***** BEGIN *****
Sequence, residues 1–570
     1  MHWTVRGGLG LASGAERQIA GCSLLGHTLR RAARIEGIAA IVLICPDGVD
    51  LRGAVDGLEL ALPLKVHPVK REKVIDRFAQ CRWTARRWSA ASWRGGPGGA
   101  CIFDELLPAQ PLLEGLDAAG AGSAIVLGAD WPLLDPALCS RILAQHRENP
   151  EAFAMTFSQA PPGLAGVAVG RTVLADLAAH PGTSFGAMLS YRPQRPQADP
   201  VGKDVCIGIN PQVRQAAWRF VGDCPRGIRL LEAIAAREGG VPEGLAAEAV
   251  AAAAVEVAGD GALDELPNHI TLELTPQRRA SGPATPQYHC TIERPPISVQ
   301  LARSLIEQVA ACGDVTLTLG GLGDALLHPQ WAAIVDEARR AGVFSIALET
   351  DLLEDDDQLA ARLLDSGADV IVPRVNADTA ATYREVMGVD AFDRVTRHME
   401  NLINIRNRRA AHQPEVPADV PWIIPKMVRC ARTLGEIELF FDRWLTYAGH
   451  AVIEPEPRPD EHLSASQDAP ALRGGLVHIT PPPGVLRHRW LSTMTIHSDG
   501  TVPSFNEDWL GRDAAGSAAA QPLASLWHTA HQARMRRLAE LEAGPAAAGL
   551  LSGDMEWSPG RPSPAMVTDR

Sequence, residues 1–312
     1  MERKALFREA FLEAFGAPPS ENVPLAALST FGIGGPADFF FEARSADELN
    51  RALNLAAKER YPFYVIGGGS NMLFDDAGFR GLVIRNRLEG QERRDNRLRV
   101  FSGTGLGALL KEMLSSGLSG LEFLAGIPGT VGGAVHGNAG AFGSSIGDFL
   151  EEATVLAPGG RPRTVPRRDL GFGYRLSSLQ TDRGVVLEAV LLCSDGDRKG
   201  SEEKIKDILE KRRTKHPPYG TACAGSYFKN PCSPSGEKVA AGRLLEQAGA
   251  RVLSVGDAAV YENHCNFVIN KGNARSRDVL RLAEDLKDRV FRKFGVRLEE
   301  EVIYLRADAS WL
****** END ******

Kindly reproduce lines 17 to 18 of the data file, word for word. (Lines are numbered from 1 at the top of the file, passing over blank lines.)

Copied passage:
   101  FSGTGLGALL KEMLSSGLSG LEFLAGIPGT VGGAVHGNAG AFGSSIGDFL
   151  EEATVLAPGG RPRTVPRRDL GFGYRLSSLQ TDRGVVLEAV LLCSDGDRKG